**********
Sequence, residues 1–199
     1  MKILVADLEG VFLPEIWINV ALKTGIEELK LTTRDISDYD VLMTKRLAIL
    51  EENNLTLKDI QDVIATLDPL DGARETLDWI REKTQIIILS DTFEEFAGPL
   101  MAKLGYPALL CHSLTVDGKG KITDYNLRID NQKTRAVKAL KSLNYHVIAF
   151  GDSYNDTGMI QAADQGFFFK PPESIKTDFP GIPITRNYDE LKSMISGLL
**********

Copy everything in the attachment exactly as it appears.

Sequence, residues 1–199
     1  MKILVADLEG VFLPEIWINV ALKTGIEELK LTTRDISDYD VLMTKRLAIL
    51  EENNLTLKDI QDVIATLDPL DGARETLDWI REKTQIIILS DTFEEFAGPL
   101  MAKLGYPALL CHSLTVDGKG KITDYNLRID NQKTRAVKAL KSLNYHVIAF
   151  GDSYNDTGMI QAADQGFFFK PPESIKTDFP GIPITRNYDE LKSMISGLL